There's an article in today's NY Times about a group of four NYU comp sci students who are embarking on a great adventure to create a decentralized version of Facebook, where the data is under the user's control.
This goal is right on, it's something I've written about many times, it's why the Internet is such a breath of fresh air compared to the locked trunk schemes of tech companies. That the article appeared in the Times is an indication that they share the aspiration of many users to be free of control of not only Facebook, but the whole tech industry. A worthy goal for the students, a worthy goal for the Times.
The news people are always doing this. Pumping up a bunch of nice-looking young men (almost always men) to be David in an epic Boy Kills Boy battle to the death with Goliath. These beautiful young men are going to flail against the machine and emerge victorious. Or more likely be forgotten like so many who came before.
Example: A 2005 Times article by John Markoff about a new startup that aims to commercialize podcasting. Didn't happen.
It's irresponsible of the Times to run such a piece. There must be a dozen projects all over the world that are much further along than this one. It's definitely not good for users to focus so much attention on a project that doesn't exist, instead of ones that do.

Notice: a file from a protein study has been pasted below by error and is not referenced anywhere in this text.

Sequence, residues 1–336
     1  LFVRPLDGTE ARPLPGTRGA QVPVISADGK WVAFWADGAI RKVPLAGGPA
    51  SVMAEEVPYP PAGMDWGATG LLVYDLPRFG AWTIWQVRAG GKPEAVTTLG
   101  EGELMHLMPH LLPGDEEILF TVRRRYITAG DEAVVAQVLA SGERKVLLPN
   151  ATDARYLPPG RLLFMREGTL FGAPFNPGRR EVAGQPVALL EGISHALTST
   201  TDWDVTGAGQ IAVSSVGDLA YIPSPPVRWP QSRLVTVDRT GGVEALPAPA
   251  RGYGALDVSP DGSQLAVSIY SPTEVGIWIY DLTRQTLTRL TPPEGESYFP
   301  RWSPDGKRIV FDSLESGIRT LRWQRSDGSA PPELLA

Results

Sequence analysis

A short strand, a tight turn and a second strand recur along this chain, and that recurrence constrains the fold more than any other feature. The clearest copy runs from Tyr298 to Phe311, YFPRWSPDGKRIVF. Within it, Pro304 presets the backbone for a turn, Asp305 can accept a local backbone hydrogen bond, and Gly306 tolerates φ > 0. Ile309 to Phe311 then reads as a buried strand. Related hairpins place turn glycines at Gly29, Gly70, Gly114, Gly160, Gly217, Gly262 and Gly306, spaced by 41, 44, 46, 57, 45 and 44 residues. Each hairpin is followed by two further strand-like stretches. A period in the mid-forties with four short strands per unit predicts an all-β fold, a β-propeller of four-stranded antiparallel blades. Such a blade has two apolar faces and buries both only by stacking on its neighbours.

To be clear, I'm on their side. I hope they're successful. But instead of setting the expectations so high, I would prefer to see them bite off a smaller piece of the pie. We could really use a great open source Twitter client, a smaller more pragmatic goal, and much more likely to be realized in the three months they've set aside to Change The World.
Last week I wrote about Coach Walsh and the 49ers and setting expectations a notch below reality. Let's step back from this and wish these young men well, and hope they can help the rest of us achieve some small independence from the tech industry. And let's hope next time a big publication like the Times writes puffery like this, that some editor points out all the pitfalls of such a project and gets them to stifle the hype, just a little.
Note: I am a visiting scholar this year at NYU, in the journalism institute. I am remarkably close to this story, but have never met the students.